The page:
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Tri-County News
Kimball, Minnesota
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July 30, 2009     Tri-County News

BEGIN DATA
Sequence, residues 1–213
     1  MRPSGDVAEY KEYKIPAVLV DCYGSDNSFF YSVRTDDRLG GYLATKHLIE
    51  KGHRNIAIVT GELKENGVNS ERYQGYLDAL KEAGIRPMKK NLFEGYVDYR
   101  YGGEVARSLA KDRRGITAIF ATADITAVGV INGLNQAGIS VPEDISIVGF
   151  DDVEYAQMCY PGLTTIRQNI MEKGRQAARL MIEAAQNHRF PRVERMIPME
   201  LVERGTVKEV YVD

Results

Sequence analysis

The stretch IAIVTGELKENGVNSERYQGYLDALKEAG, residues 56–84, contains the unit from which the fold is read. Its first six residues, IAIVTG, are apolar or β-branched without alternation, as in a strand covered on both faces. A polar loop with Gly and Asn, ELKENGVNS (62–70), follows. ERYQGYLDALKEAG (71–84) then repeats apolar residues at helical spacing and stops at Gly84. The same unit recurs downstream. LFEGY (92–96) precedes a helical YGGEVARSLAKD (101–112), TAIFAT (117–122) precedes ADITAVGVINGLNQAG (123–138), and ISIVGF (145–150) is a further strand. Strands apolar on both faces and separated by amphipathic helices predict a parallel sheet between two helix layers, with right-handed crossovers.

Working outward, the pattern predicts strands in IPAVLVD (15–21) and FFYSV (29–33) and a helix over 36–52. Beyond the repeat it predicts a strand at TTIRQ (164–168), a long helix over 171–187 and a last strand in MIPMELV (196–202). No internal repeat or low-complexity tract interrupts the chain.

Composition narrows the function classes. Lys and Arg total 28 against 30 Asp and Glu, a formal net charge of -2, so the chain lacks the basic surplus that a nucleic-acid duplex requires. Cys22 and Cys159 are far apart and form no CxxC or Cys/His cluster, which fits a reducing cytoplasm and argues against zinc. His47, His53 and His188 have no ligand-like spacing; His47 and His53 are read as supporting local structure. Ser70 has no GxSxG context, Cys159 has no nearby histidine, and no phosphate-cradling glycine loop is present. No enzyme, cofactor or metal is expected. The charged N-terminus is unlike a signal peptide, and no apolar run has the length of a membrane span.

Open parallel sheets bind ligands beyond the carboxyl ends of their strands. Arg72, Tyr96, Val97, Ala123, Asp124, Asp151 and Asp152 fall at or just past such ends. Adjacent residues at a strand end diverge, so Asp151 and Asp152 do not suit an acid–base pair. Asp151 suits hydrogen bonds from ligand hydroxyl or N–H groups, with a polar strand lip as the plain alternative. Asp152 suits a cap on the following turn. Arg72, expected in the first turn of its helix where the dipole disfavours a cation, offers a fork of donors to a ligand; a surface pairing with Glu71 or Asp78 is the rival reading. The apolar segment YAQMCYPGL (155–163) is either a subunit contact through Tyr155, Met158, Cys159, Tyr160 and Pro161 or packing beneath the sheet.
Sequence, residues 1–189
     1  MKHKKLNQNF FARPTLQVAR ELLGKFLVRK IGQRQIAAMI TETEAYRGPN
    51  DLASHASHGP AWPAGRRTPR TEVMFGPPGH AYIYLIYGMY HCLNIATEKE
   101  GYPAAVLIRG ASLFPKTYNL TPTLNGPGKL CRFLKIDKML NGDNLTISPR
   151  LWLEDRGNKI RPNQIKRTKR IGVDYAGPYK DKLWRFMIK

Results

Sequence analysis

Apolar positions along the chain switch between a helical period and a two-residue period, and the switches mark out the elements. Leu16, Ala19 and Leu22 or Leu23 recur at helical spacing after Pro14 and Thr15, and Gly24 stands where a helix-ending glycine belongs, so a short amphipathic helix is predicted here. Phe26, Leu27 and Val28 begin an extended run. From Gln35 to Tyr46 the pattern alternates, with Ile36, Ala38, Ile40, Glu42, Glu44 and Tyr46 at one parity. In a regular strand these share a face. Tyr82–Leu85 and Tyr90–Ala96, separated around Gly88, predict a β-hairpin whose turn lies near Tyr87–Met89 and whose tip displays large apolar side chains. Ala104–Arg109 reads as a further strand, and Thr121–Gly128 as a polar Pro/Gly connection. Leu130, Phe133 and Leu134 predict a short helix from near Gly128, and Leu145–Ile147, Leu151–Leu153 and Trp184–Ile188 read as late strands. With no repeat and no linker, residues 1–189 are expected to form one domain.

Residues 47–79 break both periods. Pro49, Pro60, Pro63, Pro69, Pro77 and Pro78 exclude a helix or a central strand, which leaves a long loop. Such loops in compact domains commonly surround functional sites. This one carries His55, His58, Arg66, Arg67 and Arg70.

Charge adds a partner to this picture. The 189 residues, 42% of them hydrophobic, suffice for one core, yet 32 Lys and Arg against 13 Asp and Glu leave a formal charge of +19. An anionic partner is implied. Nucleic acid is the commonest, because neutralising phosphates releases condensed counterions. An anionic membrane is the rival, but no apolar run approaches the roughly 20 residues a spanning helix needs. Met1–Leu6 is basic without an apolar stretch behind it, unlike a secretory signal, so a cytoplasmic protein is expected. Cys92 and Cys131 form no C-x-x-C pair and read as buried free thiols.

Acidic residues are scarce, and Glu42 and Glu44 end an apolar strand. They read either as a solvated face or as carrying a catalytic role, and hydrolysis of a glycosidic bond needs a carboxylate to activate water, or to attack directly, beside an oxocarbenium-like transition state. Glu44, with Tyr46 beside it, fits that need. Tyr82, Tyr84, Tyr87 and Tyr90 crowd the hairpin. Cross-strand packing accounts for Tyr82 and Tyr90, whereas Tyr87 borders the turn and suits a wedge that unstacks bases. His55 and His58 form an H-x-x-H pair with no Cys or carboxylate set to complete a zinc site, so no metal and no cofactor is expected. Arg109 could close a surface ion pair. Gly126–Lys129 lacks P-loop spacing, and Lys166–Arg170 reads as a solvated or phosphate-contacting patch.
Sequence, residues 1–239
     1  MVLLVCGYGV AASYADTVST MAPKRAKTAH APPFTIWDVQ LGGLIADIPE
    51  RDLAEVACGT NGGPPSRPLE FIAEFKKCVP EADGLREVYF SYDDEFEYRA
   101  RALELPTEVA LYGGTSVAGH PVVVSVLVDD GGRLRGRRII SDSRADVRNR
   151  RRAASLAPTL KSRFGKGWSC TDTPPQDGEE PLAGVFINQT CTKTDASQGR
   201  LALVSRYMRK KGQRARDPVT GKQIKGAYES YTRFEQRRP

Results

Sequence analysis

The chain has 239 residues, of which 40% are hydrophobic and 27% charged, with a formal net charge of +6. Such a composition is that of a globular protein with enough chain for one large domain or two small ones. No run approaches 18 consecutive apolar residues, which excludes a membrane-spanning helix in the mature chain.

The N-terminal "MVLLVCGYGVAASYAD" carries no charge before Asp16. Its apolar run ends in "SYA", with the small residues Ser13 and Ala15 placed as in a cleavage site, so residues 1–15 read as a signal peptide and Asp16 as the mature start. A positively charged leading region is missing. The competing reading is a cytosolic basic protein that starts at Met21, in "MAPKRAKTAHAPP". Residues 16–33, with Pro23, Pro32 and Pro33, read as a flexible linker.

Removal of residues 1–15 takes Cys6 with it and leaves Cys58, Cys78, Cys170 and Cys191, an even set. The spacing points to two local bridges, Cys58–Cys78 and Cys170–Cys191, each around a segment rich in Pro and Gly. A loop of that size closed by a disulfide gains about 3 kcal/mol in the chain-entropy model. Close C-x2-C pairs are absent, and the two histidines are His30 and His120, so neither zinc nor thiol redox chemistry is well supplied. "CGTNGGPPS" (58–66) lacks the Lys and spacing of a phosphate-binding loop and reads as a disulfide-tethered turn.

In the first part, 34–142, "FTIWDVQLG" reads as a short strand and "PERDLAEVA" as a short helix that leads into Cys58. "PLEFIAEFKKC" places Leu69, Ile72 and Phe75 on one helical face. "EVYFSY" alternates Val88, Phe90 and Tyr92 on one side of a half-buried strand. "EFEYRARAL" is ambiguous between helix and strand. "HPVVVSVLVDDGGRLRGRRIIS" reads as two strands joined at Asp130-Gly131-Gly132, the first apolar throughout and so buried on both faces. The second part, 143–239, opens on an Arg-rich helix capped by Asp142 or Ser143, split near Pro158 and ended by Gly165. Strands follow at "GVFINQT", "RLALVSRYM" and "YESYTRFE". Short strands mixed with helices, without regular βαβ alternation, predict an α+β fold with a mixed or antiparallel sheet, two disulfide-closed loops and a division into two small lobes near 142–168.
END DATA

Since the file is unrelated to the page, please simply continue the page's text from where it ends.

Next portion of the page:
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Thursday, July 30, 2009 fdYIl &apos;11 t tllg' Tri-County News* Kimball, MN -va,a,a I,11* I, dr Page 5 Kimball senior Dinin00q Compiled by the Kimball Area Historical Society Aug. 3-7 " Monday-Euchre, Blood Pres- ::: :::: ::::::  sures: Turkey a la king, baking unaway Tractor you today.' She reached back to give pasture and, as the wire tightened powder biscuit, peas and carrots, By Elizabeth Cooper Mike me a little slap on the hip. 'Let's pick it brought the tractor back." orange smiles, ice cream. From the pen of Elizabeth Coo- per Mike, Kimball Historical Soci- ety member, in her book "The Girl From Stickney Hill, Kimball Prairie, Minnesota" (Reprinted with permis- sion of the author.) "It roared away from us and we chased it. It made a big swing in the farmer's pasture and came roar- ing back and we ran like heck, away from it, back up on the road," said Rachael Ann. She was telling me the story of the dayViola Donnay's dad's tractor got loose and demonstrated it had a life of its own. Rachael Ann Cooper is my younger sister. She said, "All I could think of was what Daddy was going to say when I got home." I could hear her laughter over the phone as we talked. "It's funny now, think- ing back, but it wasn't funny then, she said. I couldn't stop thinking of Daddy and I wasn't even driving the tractor." So RachaelAnn told me her story, in her own words, during a long dis- tance telephone call recently. This is what she said: "It was a lazy, hot, summer day, a Sunday, and I was bored out of my skull, tired of reading, tired of lis- tening to the radio, tired of hearing Nancy Lee and David argue." "This boring old farm, I thought. I'm stuck out here in the sticks on a boring old farm with absolutely nothing to do. Sixteen years old with no glamour in my life, not even a Sunday afternoon date. I'll proba- bly be an old maid, I thought, living with my parents forever. I wished some of the boys would come around." "I took my glass of lemonade out on the porch and threw myself down in a chair, thinking, maybe I could write a few lines in my diary, but what did I have to write about? Cows and horses? No, I'll just sit here and waste away, I thought. I'll just be an old maid. I took a long swallow of lemonade and closed my eyes, thinking, I'll just die on this darned old farm without ever get- ting married." "Then up the road came Viola Donnay, chug chugging up the road on her dad's tractor, into our yard, and right up to the porch where I was sitting. 'Do you want to go for a ride?' she said." "I jumped off the porch, 'Do I ever!' I shouted. 'Give me a minute to tell the folks.' Muddy was lying down resting. Daddy was in the liv- ing room, alternately reading and nodding off into little naps. 'Go[ Go!' they both said, barely aware that I was leaving. They knew I was bored to death." "My parents had no concern about the driving ability of Viola. In those days every farm kid, boy or girl, knew how to drive thetractor, ride the horses, milk the cows, pitch hay, shock corn. What ever had to be done, they learned how, and some- times at a young age. Sixteen-year- old Viola had been driving the trac- tor for years." "I jumped up behind her, holding on to the back of the seat, legs apart for balance, saying, 'you saved my life!' She laughed. 'I mean it,' I said. I was bored out of my skull, think- ing this Sunday afternoon is what it's going to be like when I'm an old maid. Nancy will be married, Davy will be married, the folks will be sleeping and I'll be on the porch drinking lemonade." "We both laughed. Viola said, 'You'll probably be married before me. Maybe we'll find a husband for up Margie.' Her name was really Mar- garet. 'And we'll get DeEtta too. Then we'll take a nice ride. I don't have to be back until time for milking.'" "We chugged up the hill, then down the long dirt road, past the farm where Daddy and his brother and all his sisters grew up, the farm from which Grandpa Cooper, his father, when he was alive, escaped to Goodner Lake for fishing every chance he got. Muddy said Dad- dy's ancestors, the John Coopers, came to this country from England in 1720 and lived in Pennsylvania for many generations, but Grandpa Cooper's itchy feet moved the fam- ily around a lot, from Pennsylvania, in the late 1800s to Minnesota, then Mankato, Sedan and finally here, the farm we were now passing." "The tractor wheels kicked up little puffs of dust, which gathered in a big dust cloud trailing behind us, hanging in the still, hot, sum- mer air long after we passed." "Then we came to the cross- roads, to the Stickney Hill School, you know, the one-room, big, white building that could hold 60 kids in one room, where you went, and where all our brothers and sisters went, and even our mother and father, and aunts and uncles went to school." "Here at the crossroads we picked up Margie and DeEtta and they jumped up beside me, all three of us standing behind Viola, me hanging on to her seat and them hanging on to me. Viola asked, 'Which way?'" "We shouted, 'Stickney Hill. Up Stickney Hill, of course.' And Viola turned the tractor north at the mail- boxes and started up the long, big, old Stickney Hill which was tops for sledding in the winter, twisting and turning for the long ride down, to stop at the schoolhouse, the mail- boxes, and the crossroads view of nearby farms, the Meyers, the Eders, the lake Donnays, and the old Cooper farm." "We chugged along, four 16-year- old girls, singing and joking and laughing, until we came to the Pearl Lake Road where we turned right again and where we ran into trou- ble. And it was boy trouble." "A car full of boys started fol- lowing us, trying to pass us, hoot- ing and hollering, shouting things like, 'You're my baby.' Tll take the one on the right.' Tll take the red- headed one.' One of them said, 'There's Rachael!'" "I recognized some of them, pimples and all, from nearby Wat- kins. They didn't look much like husband material to me." "They got past us, then parked and let us chug by them. Several times they did this until Viola got a little rattled." "As they squeezed by one final time, we jumped for safety. Margie and DeEtta and I, we jumped off the tractor." "Viola tried to get control. She tried to turn the wheel sharp to keep from going in the ditch. Instead, the tractor lunged down on one wheel into the ditch, plowed through a fence and into a pasture and started going in circles." "As the tractor began its first cir- cle, Viola jumped to safety, too. The car full of boys sped away. They knew trouble when they saw it." "The fence was made of old weather-worn wooden posts strung together with wire. All the wires broke except the top one which became twisted around the exhaust pipe of the tractor, and as it loos- ened, the tractor roared into the "It was going in big circles and the old wooden fence posts were breaking off at the ground level and pinging up into the air every time the top wire tightened its hold." "We knew we had to get the trac- tor under control. When it made a circle away from us, we ran after it trying to get on. When it made a big circle back, toward us, we ran back on the road, four hysterical 16-year- old girls, crying and screaming." "Three times that monster trac- tor made a circle, when down the road in a pickup truck came a really mad farmer. He stopped in a cloud of dust and now he chased the trac- tor. But he knew enough to stand to one side when the tractor made for the road and jump on when the tractor made its circle back. He finally stopped the tractor, and we breathed a sigh of relief." "The tractor was okay, a few dents but okay. But the fence was a mess. Fence posts every which way for about two blocks. We were too scared to lie. We gave the still mad farmer our real names. Of course he knew our families." "It was a very long four miles home. I didn't have to worry about what I was going to tell Daddy, that mad farmer had already called with every last little detail and Daddy was waiting when I got home." "I knew I was never going to ride on the back of a tractor again, so my punishment was really noth- ing, when that was the very thing I was forbidden to ever do again. Of course, Daddy said he would probably have to pay for the farm- er's fence. But whether he ever did, I don't know and I didn't ask. I thought let sleeping dogs lie." Can't Miss Stops: Kimball Area Historical Society presents: "Cel- ebrating Kimball Memories." In about a week, Kimball Days will be in full swing! Hope it's on your cal- endar. Friday, Aug. 7, supper in the park happens and our ninth annual history exhibit at Kimball's his- toric city hall. Aug. 8 begins early at Audrey's Coffee Nook, 30 Main St. S. from 7 to 10 a.m., plus the all-day history exhibit 9 a.m. to 4 p.m. Aug. 9, Open House last day at the restora- tion and history exhibit in city hall 9 a.m. to 3 p.m., prizes, souvenirs and more, all in air-conditioned comfort. Don't miss it. What's ahead? Sept. 22, a great family genealogy program at city hall. Oct. 27, special Armistice Day program at City Hall. Nov. 17, the annual Holiday Social at city hall. With a special grant deadline extension, Phase 5 donations and pledges for the city hall restora- tion may still be made towards fur- ther interior preservation. You need not be a society member to partici- pate. Your support is much appreci- ated and what a great lasting mem- ory you can leave. Remember your donation or pledge is doubled by a grant, pledges need not be paid until 2010, it's totally tax deductible, but if possible, we would love to hear from you byAug. 15. Thank you For information on the above, membership, city hall donations, items you have for this column or the permanent collection, or sim- ply questions you may have about us, contact the Kimball Area His- torical Society, Box 100, Kimball, MN 55353. Phone (320) 398-5743, or 398-5250, or e-mail <cnewman @meltel.net>. Discover history in Kimball Tuesday-Euchre: Beef tips in gravy, egg noodles, French cut green beans, peach slices, oatmeal raisin cookie. Wednesday-"Fall Prevention" education: Cook's Choice. Thursday: Ham salad sand- wich, cream of potato soup, fresh fruit, lemon bar. Friday-Bingo: Roast turkey, whipped potatoes w/gravy, corn, wheat bread, pudding. 1% milk is served with every meal. Menu is subject to change. Suggested contribution for per- sons 60+ and volunteers is $3.25, or what you can afford. Guests under 60 pay $6.50. REMINDER: When there is a choice of entree on the menu, you will receive the first one listed UNLESS you notify us. The cof- fee pot is on by 11:15 a.m. every Wednesday. For reservations, call Rosa- lea Hoeft (320) 398-2211 between 10:30 a.m. and 1 p.m. the daybefore you plan on attending. Gift dining booklets are available at the Senior Dining Site and the State Bank of Kimball. This program is funded in part under a contract with the Central MN Council on Aging as part of the Older Americans Act Program. SeniorCitizenSmeet Kimball Senior Citizens met Monday, 20, at St. Anne's din- .../za,....,. July ing site. After lunch, the meeting Kimball Public Library Library Hours Monday 3-6 Wednesday 10-1 3-6 Thursday 1-8 Friday 10-1 3-6 Saturday 9-12 5 Main Street North, Kimball, MN 55353 320-398-3915 * www.griver.org was called to order by president Neil Hilary. The pledge of alle- giance was recited by all. Secretary Ann Hamilton read the minutes of the last meeting. The treasurer's report was read by treasurer Anita Hoefer. A short meeting was held. Three tables of "500" were played and winners were Larry Sheetz, first place, Neff Hilary, second place, door prize went to Alvina Schefers. Rita Sheetz served lunch. Mary Larson will serve at the next meeting Aug. 17. Benedicta Linn Served every Wednesday, 5-7:30! n/y $7 75 Children 10 & under $3 bey. & tax d Ball00'oom HWY 55, KIMBALL " 320"398-3965 Available for private parties, banquets, graduation parties, weddingl TaStiest chicken tOwn! Formy F'4ayland Hearth Marto PHARMACY Fast, Friendly and Convenient. A Pharmacist You Can Trust. 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